Human creativity is a boundless resource. It produces great works of art and philosophies that explore the meaning of life. Creativity brings us technological innovation and exploration of the unknown. And humanity's innate ability to find new approaches and examine problems from different perspectives also brings us ever-evolving ways for defeating the would-be tyrants and petty nannies in our midst.
Without creativity, not only would we still be huddled in cold, dark caves, we'd also be living unquestioningly under the thumb of the latest in a long line of control-freak tribal chieftains.
Take drones, for example. Sure, hobbyists have fun slapping cameras on them and spying on their sunbathing neighbors. But the remote-controlled flying devices have serious uses, too.
"The Yuma Sector Border Patrol has recently encountered small remote controlled aircraft, commonly referred to as drones, being used to smuggle drugs into the United States," Customs and Border Protection announced in April. "The drones vary in size, but are commonly between 2 to 4 feet wide."
The use of drones to carry contraband was almost old news by then. In January 2015, a drone carrying six pounds of crystal meth across the border from Mexico crashed in San Ysidro, California. Overloaded, the robotic smuggler couldn't reach its destination. On a similar note, Brayan Valle and Jonathan Elias were caught near Calexico, California, while loading the nearly 30 pounds of heroin they'd already flown across the border with a remote-controlled drone.
But nobody knows how many loads successfully cross over the line between Mexico and the United States, unobserved and unintercepted.
When you think about it, drones make perfect sense for smuggling. The devices are difficult to detect, fly over barriers, and are relatively easy to operate. Even if intercepted, the actual smugglers have a better than usual chance of escaping themselves while authorities gain only one load of goods and an inexpensive and easily replaced widget.
Drones are such natural and affordable smuggling tools that they've become a favorite means for prison inmates to receive deliveries of banned drugs, cell, phones, and smokes—while those of us in the outside world still await the introduction of such convenience.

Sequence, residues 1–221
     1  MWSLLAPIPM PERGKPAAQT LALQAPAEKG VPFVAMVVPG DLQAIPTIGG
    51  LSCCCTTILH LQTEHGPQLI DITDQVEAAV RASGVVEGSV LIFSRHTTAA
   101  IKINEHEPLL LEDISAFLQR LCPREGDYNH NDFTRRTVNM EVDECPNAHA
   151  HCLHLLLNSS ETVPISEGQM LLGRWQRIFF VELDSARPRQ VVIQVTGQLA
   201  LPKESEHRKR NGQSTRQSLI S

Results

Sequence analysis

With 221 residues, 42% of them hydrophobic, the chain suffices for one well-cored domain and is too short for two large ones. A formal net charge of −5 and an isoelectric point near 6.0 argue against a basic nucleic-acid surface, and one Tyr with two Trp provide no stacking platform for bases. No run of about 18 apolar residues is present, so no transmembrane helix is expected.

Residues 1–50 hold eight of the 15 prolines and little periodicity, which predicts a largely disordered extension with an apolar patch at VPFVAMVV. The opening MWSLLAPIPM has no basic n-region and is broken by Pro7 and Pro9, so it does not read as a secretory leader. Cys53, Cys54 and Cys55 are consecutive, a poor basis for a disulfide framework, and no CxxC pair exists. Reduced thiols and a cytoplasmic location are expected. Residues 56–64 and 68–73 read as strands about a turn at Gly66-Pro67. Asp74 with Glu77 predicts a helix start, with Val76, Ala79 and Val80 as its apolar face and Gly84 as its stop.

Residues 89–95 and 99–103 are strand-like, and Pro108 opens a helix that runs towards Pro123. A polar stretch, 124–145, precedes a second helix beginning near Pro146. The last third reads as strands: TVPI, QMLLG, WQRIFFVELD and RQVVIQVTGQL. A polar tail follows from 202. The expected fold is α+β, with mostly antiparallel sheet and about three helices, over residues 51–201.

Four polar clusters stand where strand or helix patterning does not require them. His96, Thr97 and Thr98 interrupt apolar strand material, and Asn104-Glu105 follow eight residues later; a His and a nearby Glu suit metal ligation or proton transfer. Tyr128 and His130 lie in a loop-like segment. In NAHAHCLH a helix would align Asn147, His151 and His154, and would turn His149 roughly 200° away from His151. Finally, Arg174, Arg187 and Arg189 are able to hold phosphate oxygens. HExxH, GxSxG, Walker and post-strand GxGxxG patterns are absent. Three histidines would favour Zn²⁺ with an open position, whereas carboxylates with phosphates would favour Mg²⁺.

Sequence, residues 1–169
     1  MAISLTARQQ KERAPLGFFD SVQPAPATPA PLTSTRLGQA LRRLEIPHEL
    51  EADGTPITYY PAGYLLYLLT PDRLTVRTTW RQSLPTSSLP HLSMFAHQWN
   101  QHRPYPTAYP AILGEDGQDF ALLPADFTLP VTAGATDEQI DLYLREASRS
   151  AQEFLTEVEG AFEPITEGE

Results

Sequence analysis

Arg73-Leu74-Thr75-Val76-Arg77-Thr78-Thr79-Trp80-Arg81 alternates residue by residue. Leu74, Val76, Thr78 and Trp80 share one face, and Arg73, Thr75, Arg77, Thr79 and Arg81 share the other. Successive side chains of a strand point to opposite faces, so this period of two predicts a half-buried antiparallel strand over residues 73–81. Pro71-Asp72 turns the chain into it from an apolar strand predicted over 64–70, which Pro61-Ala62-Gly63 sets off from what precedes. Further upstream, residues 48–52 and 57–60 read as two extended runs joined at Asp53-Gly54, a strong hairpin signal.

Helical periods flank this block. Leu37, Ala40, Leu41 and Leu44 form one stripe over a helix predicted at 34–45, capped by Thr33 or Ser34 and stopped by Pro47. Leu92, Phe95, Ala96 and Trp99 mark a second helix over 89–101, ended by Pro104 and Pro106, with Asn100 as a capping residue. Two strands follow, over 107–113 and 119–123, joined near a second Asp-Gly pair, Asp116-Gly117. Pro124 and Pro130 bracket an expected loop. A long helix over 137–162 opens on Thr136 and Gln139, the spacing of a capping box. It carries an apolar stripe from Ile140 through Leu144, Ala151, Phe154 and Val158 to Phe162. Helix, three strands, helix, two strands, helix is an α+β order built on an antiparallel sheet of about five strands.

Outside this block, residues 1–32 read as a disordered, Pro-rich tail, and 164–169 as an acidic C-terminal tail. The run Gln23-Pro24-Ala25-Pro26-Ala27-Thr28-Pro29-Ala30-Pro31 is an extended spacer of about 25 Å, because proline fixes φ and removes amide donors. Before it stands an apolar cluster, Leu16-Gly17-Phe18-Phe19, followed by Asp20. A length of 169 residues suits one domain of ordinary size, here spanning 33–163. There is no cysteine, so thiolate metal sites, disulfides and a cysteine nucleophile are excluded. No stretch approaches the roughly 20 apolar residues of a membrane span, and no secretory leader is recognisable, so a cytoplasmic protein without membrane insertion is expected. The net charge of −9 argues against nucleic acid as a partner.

Innovation also drives letter-of-the-law compliance with many gun restrictions, as well as workarounds that render such laws irrelevant.
When New York lawmakers crafted restrictions and registration requirements for so-called "assault weapons," they had to write detailed descriptions of what they were banning, since the targeted category of firearms has no firm definition. Most New Yorkers just ignored the new registration requirement. But others looked at the list of features that differentiated restricted "assault weapons" from untargeted everything else, and tweaked their property to eliminate a few cosmetic details that brought them under the law. "The modified gun still fires at the same rate and with the same power," noted The Guardian. "The shooter just holds it slightly differently. These modified weapons do not have to be registered with the state."
Famously, tinkerers led by Cody Wilson harnessed technology to make it easier for people to make their own guns, to nudge personal arms even further beyond the reach of government officials. Wilson first created a working pistol with a 3D printer and released the plans to the public. The plans continued to spread and evolve even after the U.S. government ordered Wilson to remove them from the internet. "Limiting access may be impossible," the Department of Homeland Security conceded in reference to the wonderfully subversive technology. Wilson has since moved on to CNC mills that turn unregulated partially finished AR-15 receivers into fully functioning rifle guts.
California officials responded with an unenforceable new requirement that people building their own guns out of sight of the authorities, using technology intended to kneecap the law, submit to background checks and apply for serial numbers. The DHS seems to be onto something about the impossibility of limiting access.
But even in a tech-driven age, human creativity can sometimes be very old school, in keeping with the age-old resistance to being bossed around. That's certainly the case with the black market in contraband condiments that the Canadian province of Quebec created with a legally enforced monopoly on the export of maple syrup. In Quebec, people commercially manufacturing the sweet stuff are legally required to sell most of it to the Federation of Quebec Maple Syrup Producers, subject to centrally set prices and quotas.
Many producers are unwilling to tolerate the monopoly. "In scenes that could come from a Hollywood drugs movie, they load barrels of syrup on to a truck as quickly as possible, and then race it over the border line under the cover of darkness," the BBC reports.
The rebels are taking a risk, since the cartel has been known to seize the entire inventory of producers who defy its will. The monopoly is open about its authoritarian ways, too, denouncing "certain free market advocates, libertarians, and other free rider types" in sniffy pronouncements.
But the rebels haven't backed down—even taking seized syrup back in at least one high-profile, multi-million dollar caper. And now "the cartel that produces 72 percent of the world's maple syrup is starting to crack," according to Bloomberg, under pressures from the black market resistance within and competitive pressures from producers in freer economies—primarily American states where producers make and sell as much as they wish and buyers happily snap up local production as well as smuggled product from north of the border.
It's an inspiring sight—scofflaw creativity bring yet one more set of control freaks to the brink of defeat.
Just imagine what the maple syrup rebels could accomplish with a fleet of syrup-hauling, 3D-printed drones.